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What is Double-Loop Learning

Handbook of Research on Human Resources Strategies for the New Millennial Workforce
A learning method to question and change organizational underlying policies, norms and assumptions.
Published in Chapter:
Organizational Learning and Change: Strategic Interventions to Deal with Resistance
Jieun You (Ohio State University, USA), Junghwan Kim (University of Oklahoma, USA), and Doo Hun Lim (University of Oklahoma, USA)
DOI: 10.4018/978-1-5225-0948-6.ch015
This chapter discusses organizational learning as a strategic approach for organizational change. In the face of turbulent and uncertain environments, continuous involvement in organizational change is necessary. However, most organizations encounter resistance to change, thus fail to accomplish organizational change despite change efforts. Previous literature explains that resistance to change results from cognitive and psychological processes, social and power relationships, and organizational structural inertia. Given the findings from the previous research, organizational learning theories can provide strategic interventions to effectively deal with resistance and to achieve organizational change goals. The learning organization embrace learning activities – unlearning, experimentation, exploration, double-loop learning, and action learning - to develop the adaptability to environmental changes. This chapter suggests that HR/HRD should play a role in building the learning organization and facilitating organizational learning for change as a change agent.
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More Results
OMIS-Based Collaboration with Service-Oriented Design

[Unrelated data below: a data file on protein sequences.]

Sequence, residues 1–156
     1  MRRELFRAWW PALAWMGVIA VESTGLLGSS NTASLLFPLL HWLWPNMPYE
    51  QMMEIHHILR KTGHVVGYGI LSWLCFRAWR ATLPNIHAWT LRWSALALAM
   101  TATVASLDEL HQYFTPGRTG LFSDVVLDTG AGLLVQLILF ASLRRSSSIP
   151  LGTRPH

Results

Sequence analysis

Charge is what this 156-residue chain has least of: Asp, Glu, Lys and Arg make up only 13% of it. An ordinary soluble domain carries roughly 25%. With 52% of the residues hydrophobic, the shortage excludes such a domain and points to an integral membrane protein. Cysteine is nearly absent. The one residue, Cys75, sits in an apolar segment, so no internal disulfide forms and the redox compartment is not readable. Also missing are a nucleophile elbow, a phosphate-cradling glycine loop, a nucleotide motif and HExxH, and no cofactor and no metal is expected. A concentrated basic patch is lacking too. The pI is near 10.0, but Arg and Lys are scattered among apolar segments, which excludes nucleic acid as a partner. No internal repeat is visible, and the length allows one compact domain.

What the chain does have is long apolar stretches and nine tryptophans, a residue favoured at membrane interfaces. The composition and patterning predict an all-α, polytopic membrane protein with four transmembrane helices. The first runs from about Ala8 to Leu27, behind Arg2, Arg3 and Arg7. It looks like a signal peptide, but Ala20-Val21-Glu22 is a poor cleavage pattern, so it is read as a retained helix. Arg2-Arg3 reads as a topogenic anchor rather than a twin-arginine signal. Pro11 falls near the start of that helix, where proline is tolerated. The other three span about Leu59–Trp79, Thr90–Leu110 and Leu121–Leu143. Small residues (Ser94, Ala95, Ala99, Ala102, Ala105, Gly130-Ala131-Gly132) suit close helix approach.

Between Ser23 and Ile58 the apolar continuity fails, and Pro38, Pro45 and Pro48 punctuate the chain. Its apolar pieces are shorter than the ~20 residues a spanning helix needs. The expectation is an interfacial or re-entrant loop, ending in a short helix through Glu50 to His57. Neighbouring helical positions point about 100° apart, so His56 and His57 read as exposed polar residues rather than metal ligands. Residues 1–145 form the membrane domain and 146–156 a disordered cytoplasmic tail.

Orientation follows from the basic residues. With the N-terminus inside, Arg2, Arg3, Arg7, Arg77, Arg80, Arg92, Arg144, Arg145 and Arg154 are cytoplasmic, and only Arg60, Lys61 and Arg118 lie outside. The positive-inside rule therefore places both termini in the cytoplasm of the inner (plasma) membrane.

Together with single-loop learning, describes the way in which organizations may learn to respond appropriately to change. Single-loop learning requires adjustments to procedures and operations within the framework of customary, accepted assumptions, but fails to recognize or deal effectively with problems that may challenge fundamental aspects of organizational culture, norms, or objectives. Double-loop learning questions those assumptions from the vantage point of higher-order, shared views, in order to solve problems.
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Conceptualization and Evolution of Learning Organizations
The process in which individuals, groups, or organizations question the foundation of existing knowledge (i.e., values, assumptions and policies) that led to the actions in the first place. Second-order or double-loop learning has taken place then they are able to recognize the gap and modify the existing knowledge. Double loop learning is the learning about single-loop learning.
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Learning and Knowledge Creation under Perpetual Construction: A Complex Responsive Approach to Applied Business Research
Double-loop learning is a process of detecting problems, recognizing a need for change, adjusting the basis for choice and action, and developing new frames of reference as a result of learning and knowledge creation.
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Towards a Learning Organization: Navigating Barriers, Levers, and Employees' Capacity for Change
The key feature of double-loop learning is a focus on “why” in the course of solving problems. In contrast to single-loop learning, a basic form problem solving defined by task completion, double-loop learning questions underlying assumptions and values to identify underlying issues that need to be addressed. Double-loop learning is vital to organizational learning.
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Using Heutagogy to Address the Needs of Online Learners
“A higher order of learning is when the individual questions the goal-structures and rules upon detecting an error. This is more like ‘coloring outside the lines’ to solve the problem or error. This is referred to as ‘double-loop learning.’ This is more creative and may lead to alterations in the rules, plans, strategies, or consequences initially related to the problem at hand. Double-loop learning involves critical reflection upon goals, beliefs, values, conceptual frameworks, and strategies. Argyris believes that this way of learning is critical in organizations and individuals that find themselves in rapidly changing and uncertain contexts” (Cooper, 2004).
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